Expectant mothers in Karawab, St. Monica Mission benefit from ultrasound services
– communities welcome specialist medical outreach
Expectant mothers in Karawab, Upper Pomeroon River on Friday benefited from ultrasound services, on the second day of the Ministry of Health’s specialist medical outreach to Amerindian communities in Pomeroon- Supenaam (Region Two).
Director General at the Ministry, Dr. Vishwa Mahadeo, who led the exercise, said persons in the remote satellite community had difficulties accessing health care.
“The residents from Karawab village especially pregnant mothers, for them to get ultrasound service, they would have had to come out of there and go to Suddie Hospital, so for them, bringing ultrasound to Karawab is very, very important, as you can see they have been here waiting since early morning,” he told DPI.
A total of 12 expectant mothers were given ultrasound scans, which are used to check on the development of the foetus, and to detect abnormalities and multiple pregnancies. Residents also benefited from other services such as diabetic foot care, Visual Inspection with Acetic Acid (VIA) screening for cervical cancer and optometry.
The team then headed further downriver to St. Monica’s Mission where seven expectant mothers were also given ultrasounds.
Nurse/Midwife and Medical Supervisor at St. Monica’s Mission and Karawab, Ms. Monica Samuels welcomed the initiative.
“This morning was very nice because it is very difficult for my mothers to go out to Suddie Hospital to do the ultrasound, most of the times we refer them there but they don’t go because of the money.
They don’t have money to go. It’s $8000 in passage to go down to Charity return, and then to go up to Suddie is a next $2000, and if they return late to Charity, sometimes the boat leaves them. So, I am really happy for the ultrasound because my mothers cannot afford to go and do ultrasound,” Nurse Samuels said.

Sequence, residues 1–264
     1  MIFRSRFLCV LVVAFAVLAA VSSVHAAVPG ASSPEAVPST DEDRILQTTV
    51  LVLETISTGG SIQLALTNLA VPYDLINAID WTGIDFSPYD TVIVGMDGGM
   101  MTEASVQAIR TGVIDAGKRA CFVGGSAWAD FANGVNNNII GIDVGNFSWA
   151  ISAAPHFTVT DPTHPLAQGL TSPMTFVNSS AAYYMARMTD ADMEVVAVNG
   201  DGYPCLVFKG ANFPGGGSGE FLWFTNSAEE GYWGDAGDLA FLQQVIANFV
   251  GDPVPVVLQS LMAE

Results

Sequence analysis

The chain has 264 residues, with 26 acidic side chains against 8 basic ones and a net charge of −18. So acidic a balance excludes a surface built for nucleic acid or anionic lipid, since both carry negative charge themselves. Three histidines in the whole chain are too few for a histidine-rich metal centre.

The senior nurse who has held down the fort alone for approximately 19 years, recently welcomed the assistance of a Community Health Worker (CHW) and a cleaner for both communities, which each has a population of over 700.
“It is nice for me because working alone was difficult when I had to take a patient down to the hospital. At first, we used to paddle to take our patient down to Kabakaburi, then when we get boat and engine, it help us a lot but right now, we not getting gasoline.”
Nurse Samuels says the health post usually accesses the gasoline for home visits and emergencies through the regional office. However, that process has its own challenges and has now been further disrupted by the pandemic.
“From last year after Covid came in, only last year February we get gasoline, so it is really hard. The patients would have to buy gasoline for us to go out and then to get it back from the Region is real hard. So, I don’t go and collect gasoline anymore because you have to go sign a book at Suddie then go to Transport Division, then go to the Regional Office, then hire a vehicle to take up our containers, then hire a vehicle to bring down back the gasoline, so it is really hard,” she said.
Toshao of St. Monica and Karawab, Mr. Thomas Charles also lauded the Government initiative.
“I have been longing for this for a long time. We are very far from the hospital and it is very expensive to go out, so having this type of programme is very beneficial to us and I really want to thank the Government for this,” Toshao Charles said.
Following these visits, the team then joined another team at the Kabakaburi Health Post, which is about a 15-minute boat ride even further down the river. Similar services were provided here, much to residents’ appreciation. Several of them had braved the rains and had turned out in their numbers to see the specialists.
The outreach wrapped up on Saturday. The Region Two outreach followed closely on the heels of similar exercises held recently in Regions Nine and Ten.